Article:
GI+100: Long Term Preservation of Digital Geographic Information — 16 Fundamental Principles Agreed by National Mapping Agencies and State Archives

Carsten Rönsdorf, Paul Mason, Jonathan Holmes, Urs Gerber, André Streilein, Marguérite Bos, Arif Shaon, Kai Naumann, Michael Kirstein, Göran Samuelsson, Marja Rantala, Sidsel Kvarteig, Lynne Adams, Jenny Svennewall, Wolfgang Stößel

Abstract


This paper states 16 principles for the long term retention and preservation of digital geographic information. The paper is mainly aimed at public sector geographic information providers in Europe (particularly those involved in mapping and cadastre) with the intention of highlighting the significance of fundamental concepts for digital geographic data archiving. Geographic information providers are mainly mapping agencies, but also archives preserving geographic data among a wider range of digital information. A supplementary objective is that the paper may provide useful information for providers of all types of geographic information right around the world.

This paper states 16 principles for the long term retention and preservation of digital geographic information. The paper is mainly aimed at public sector geographic information providers in Europe (particularly those involved in mapping and cadastre) with the intention of highlighting the significance of fundamental concepts for digital geographic data archiving. Geographic information providers are mainly mapping agencies, but also archives preserving geographic data among a wider range of digital information. A supplementary objective is that the paper may provide useful information for providers of all types of geographic information right around the world.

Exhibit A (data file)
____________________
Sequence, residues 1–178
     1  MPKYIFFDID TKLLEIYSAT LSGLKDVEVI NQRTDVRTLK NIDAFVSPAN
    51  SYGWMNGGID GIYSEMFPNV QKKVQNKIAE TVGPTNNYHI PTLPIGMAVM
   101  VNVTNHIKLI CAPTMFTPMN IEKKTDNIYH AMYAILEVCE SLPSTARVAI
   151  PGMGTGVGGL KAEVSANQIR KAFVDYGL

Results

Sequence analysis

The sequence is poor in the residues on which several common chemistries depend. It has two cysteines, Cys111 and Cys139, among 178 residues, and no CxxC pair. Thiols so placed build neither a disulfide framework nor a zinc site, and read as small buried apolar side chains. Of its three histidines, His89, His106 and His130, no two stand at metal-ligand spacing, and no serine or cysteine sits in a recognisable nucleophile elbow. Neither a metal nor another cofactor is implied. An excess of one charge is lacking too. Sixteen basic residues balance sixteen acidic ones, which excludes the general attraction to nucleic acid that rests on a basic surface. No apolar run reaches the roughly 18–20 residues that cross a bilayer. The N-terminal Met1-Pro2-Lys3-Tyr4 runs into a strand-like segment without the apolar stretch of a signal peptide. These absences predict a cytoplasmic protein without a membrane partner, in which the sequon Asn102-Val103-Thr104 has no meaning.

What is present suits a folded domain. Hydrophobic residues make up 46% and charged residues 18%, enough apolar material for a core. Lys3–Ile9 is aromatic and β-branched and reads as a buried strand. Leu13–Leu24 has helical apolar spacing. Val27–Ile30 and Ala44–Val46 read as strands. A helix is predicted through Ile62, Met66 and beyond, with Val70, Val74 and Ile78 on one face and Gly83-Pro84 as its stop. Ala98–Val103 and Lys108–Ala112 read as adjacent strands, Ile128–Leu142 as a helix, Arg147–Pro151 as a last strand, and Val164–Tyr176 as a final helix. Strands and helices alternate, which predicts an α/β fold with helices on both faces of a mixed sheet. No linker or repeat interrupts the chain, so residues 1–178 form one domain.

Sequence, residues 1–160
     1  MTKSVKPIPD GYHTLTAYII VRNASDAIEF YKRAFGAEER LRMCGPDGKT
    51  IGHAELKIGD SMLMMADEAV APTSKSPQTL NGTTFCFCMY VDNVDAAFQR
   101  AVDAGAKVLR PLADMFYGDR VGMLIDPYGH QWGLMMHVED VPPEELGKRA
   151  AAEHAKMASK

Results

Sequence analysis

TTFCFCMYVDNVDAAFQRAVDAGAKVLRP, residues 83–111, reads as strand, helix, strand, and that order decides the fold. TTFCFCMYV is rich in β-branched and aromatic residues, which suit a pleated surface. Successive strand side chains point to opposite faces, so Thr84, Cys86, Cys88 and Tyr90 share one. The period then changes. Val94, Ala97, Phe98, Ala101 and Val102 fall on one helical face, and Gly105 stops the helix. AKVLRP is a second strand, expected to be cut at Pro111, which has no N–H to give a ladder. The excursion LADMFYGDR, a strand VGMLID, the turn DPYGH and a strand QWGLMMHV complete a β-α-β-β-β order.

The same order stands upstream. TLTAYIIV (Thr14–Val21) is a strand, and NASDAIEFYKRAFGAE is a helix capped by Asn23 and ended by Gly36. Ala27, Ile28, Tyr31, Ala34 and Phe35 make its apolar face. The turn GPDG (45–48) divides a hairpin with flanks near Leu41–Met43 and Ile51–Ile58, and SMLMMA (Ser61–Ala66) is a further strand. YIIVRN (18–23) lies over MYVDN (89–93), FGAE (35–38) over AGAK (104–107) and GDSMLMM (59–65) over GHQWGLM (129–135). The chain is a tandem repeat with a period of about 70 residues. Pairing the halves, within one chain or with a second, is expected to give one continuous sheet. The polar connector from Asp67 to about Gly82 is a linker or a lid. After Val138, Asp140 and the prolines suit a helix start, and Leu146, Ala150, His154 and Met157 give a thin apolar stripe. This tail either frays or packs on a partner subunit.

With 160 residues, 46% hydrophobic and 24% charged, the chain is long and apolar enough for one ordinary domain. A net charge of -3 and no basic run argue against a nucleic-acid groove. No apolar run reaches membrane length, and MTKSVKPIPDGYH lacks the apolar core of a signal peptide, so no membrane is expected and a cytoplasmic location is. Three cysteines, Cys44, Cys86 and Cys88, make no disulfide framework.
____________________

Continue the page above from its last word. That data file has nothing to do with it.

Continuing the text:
There are many reasons why people wish to retain access to information, though the main drivers for archiving digital geographic information are meeting legislative requirements, the short and long term exploitation (re-use not only access) of archived data for analyzing social, environmental (e.g. global climate changes) and economic changes over time as well as efficiency savings in managing superseded datasets.  This paper sets out the path and describes what needs to be done now to future-proof the investment government agencies around the world have made in creating digital Geographic Data.

 


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DOI: http://dx.doi.org/10.2218/ijdc.v11i2.388

The International Journal of Digital Curation. ISSN: 1746-8256
The IJDC is published by the University of Edinburgh
and is a publication of the Digital Curation Centre.